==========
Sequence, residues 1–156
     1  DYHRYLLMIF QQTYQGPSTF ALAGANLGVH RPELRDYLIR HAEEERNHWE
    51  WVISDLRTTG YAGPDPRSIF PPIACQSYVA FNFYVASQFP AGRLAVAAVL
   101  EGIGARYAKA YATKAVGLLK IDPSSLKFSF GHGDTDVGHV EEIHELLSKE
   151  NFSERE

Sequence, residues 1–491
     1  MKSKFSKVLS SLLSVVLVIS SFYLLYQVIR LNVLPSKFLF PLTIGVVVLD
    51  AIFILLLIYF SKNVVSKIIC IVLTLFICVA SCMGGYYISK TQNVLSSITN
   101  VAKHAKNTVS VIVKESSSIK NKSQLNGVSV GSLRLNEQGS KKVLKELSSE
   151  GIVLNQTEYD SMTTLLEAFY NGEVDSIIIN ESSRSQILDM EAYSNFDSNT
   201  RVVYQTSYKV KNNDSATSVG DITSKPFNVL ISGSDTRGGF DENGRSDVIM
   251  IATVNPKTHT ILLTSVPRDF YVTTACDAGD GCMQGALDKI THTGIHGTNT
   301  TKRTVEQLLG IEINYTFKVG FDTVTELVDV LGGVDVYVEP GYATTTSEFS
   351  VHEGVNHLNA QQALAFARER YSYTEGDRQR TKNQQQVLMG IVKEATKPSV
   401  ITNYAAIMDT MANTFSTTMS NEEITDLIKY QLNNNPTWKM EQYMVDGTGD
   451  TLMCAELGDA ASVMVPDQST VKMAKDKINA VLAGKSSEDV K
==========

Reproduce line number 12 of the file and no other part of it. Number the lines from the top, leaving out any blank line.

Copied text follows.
   251  IATVNPKTHT ILLTSVPRDF YVTTACDAGD GCMQGALDKI THTGIHGTNT